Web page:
Judges to decide whether UW student Amanda Knox will remain in Italian jail
Italy's highest court is expected to decide April 1 whether to keep University of Washington student Amanda Knox, of Seattle, her former Italian boyfriend Raffaele Sollecito and Ivory Coast national Rudy Hermann Guede in jail while the probe into the Nov
The Associated Press
ROME — Italy's highest court is expected to decide April 1 whether to keep University of Washington student Amanda Knox, her former Italian boyfriend Raffaele Sollecito and Ivory Coast national Rudy Hermann Guede in jail while the probe into the Nov. 1 slaying of Knox's British roommate continues.
Requests to have the three suspects released have already been rejected by judges in Perugia. Those judges have said the three could be held for up to a year while the case is investigated. The suspects have not been formally charged.
Meanwhile, a coroner's report on the slaying of the roommate, Meredith Kercher, a British student in Italy, says it cannot be determined if the victim was raped before she was killed.
The report, made available to The Associated Press today, is one factor that judges must consider as they rule on whether the suspects should continue to be held in the case.
Kercher, 21, from Leeds University in England, was enrolled for a year of study in Perugia, a picturesque university town in central Italy.
She was found dead from a stab wound to the neck, lying half-naked in a pool of blood in the apartment she shared with Knox.
Prosecutors have said she was killed resisting sexual assault. They are investigating the three people in jail on suspicion of murder and sexual violence.
But the new report, issued last month by coroner and prosecution consultant Luca Lalli, said it could not be determined if Kercher was raped.
"It cannot be said with certainty if there has been sexual violence or attempted sexual violence," Lalli said in the report.
Though bruises found on Kercher suggest she had at least hurried intercourse, possibly against her will, the evidence was not enough "to remove all doubt," the report said.
Hair and other organic material were found under Kercher's nails, it said.
DNA testing earlier determined that Guede, whose fingerprint was found in bloodstains on Kercher's pillow, had sex with Kercher the night she died. Guede, 21, acknowledged being in the woman's room that night, but said he did not kill her, accusing an Italian who he claimed was trying to frame him. It was not clear whom Guede accused.
The coroner's report, sent to prosecutors Feb. 13, said the murder weapon was only "generically compatible" with a knife found in Sollecito's apartment, which had Knox's DNA on the handle and Kercher's on the blade.
Knox, 20, and Sollecito, 23, have been jailed in Perugia since Nov. 6. Guede was arrested in Germany and later extradited to Italy. He is believed to have fled Perugia shortly after the slaying.
All three suspects deny wrongdoing.
Guede's defense lawyer, Nicodemo Gentile, said today that the coroner's report was "important, but partial" and that further tests were being carried out. He said he expected the court to rule in favor of his client's release.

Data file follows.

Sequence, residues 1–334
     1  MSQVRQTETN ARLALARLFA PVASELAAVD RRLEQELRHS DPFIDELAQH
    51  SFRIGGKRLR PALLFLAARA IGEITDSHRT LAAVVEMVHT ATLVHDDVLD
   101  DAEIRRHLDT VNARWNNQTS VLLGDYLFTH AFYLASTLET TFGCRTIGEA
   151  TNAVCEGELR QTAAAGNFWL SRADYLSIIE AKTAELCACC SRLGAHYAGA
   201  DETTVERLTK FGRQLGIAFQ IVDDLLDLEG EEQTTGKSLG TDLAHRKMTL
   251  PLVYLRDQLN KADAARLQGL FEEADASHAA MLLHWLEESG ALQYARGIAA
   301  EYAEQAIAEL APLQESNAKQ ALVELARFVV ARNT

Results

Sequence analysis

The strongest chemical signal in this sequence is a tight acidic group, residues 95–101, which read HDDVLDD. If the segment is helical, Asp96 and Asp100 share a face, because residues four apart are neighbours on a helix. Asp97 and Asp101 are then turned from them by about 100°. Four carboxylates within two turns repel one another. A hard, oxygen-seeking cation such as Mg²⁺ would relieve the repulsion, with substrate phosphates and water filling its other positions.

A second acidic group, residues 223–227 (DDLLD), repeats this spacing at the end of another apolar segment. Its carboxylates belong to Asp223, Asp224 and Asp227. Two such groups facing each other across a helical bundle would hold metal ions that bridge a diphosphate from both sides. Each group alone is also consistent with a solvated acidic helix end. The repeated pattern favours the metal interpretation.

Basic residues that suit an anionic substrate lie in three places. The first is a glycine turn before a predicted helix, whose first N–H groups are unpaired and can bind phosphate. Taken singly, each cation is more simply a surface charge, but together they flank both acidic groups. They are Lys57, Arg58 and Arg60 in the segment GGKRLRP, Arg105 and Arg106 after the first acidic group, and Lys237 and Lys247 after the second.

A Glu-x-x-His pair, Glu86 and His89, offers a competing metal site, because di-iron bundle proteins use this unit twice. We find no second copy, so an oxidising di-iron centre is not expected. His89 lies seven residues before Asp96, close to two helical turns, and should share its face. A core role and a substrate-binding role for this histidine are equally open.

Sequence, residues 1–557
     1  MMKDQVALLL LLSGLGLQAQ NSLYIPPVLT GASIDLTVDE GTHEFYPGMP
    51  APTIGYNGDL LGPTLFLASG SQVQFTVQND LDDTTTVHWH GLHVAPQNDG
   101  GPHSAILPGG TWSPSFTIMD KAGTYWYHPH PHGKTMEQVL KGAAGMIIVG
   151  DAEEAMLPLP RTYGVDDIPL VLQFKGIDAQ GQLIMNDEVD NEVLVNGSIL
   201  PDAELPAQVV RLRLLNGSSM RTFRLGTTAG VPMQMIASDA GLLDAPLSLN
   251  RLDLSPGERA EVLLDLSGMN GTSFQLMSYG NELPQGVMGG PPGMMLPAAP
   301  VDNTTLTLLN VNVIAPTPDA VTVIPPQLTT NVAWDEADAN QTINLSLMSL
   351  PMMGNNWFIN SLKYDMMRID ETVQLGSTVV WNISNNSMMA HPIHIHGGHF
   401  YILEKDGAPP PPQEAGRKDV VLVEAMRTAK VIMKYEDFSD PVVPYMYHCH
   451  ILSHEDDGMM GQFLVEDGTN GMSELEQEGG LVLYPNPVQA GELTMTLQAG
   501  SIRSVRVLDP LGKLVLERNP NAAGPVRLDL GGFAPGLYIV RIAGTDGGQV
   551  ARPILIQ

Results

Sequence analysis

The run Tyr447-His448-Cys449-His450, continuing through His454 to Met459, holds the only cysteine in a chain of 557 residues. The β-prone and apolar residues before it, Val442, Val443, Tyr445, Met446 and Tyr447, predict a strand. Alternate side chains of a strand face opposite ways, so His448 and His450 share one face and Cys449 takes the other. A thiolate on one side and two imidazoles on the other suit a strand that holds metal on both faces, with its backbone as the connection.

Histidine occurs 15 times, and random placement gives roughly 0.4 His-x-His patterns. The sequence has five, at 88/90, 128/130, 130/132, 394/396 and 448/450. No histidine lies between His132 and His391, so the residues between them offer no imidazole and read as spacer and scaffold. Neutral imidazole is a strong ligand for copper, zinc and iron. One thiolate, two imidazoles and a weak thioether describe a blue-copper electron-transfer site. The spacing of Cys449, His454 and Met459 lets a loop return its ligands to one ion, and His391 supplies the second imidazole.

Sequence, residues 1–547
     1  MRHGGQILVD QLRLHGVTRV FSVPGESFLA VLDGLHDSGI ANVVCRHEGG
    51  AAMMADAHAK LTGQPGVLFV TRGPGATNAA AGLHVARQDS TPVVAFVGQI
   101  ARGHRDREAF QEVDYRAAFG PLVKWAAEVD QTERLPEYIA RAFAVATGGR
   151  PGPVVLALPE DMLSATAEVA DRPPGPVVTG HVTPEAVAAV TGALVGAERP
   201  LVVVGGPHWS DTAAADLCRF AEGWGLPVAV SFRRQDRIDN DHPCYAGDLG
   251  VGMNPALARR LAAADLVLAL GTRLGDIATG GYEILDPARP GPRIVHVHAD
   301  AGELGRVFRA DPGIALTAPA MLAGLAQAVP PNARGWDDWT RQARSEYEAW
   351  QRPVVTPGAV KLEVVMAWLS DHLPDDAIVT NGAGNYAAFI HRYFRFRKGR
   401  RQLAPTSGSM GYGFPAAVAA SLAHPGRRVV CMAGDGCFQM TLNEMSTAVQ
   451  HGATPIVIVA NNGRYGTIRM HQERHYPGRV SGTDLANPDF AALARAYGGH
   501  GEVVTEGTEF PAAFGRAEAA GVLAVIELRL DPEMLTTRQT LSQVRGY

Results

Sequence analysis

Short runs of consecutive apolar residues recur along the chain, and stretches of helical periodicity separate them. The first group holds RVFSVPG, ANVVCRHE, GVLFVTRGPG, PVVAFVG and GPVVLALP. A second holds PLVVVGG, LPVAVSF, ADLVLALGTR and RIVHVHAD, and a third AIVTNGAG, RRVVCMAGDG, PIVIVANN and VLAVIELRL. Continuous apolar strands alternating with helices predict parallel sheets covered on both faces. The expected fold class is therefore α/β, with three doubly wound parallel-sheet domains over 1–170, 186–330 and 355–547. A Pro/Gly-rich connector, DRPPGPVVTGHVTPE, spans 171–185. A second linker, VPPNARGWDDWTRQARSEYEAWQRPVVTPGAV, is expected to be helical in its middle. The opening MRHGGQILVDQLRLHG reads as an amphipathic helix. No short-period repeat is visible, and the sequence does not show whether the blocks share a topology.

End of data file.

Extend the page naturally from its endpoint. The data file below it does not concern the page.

Lawyers for Knox and Sollecito declined to comment.
Prosecutors declined to comment on the report's findings, saying only that the charge of sexual assault still stands.
They said they expect to wrap up the investigation — and possibly seek indictments — before this summer. By law, they have up to two years to investigate.
A fourth suspect, Congolese pub owner Diya "Patrick" Lumumba, was arrested but then quickly released for lack of evidence. However, he is still considered a suspect.
Knox at one point told investigators that Lumumba was the killer.
Knox has given conflicting statements, first saying she was not home the night of the slaying and later telling prosecutors she was in the apartment and had to cover her ears to muffle Kercher's screams while Lumumba killed her.
Knox's parents said in a recent interview on ABC television that their daughter could never have committed such a crime. Her mother, Edda Mellas, said Knox's story had stayed "absolutely consistent" except for the one she told during her first interrogation, when she was "the most scared that she's ever been in her entire life."
According to prosecutors, a drop of Knox's blood found on a bathroom faucet places her at the apartment the night of the slaying or the morning after. A bloody footprint near Kercher's body was matched to Sollecito's shoes, placing him at the crime scene as well.
Defense lawyers have maintained there is not enough evidence linking the knife to Kercher's wounds or the shoes to the footprint. They say Sollecito was at his own apartment in Perugia, working at his computer.
Both Knox and Sollecito have explained confused recollections and conflicting statements by saying they had smoked hashish the night of the killing, according to court documents.
Copyright © 2008 The Seattle Times Company
UPDATE - 09:46 AM
Exxon Mobil wins ruling in Alaska oil spill case
NEW - 7:51 AM
Longview man says he was tortured with hot knife
When vice president of Sub Pop Records Megan Jasper isn't running things at the office, she's working in her garden at her West Seattle home where she and her husband Brian spend time relaxing.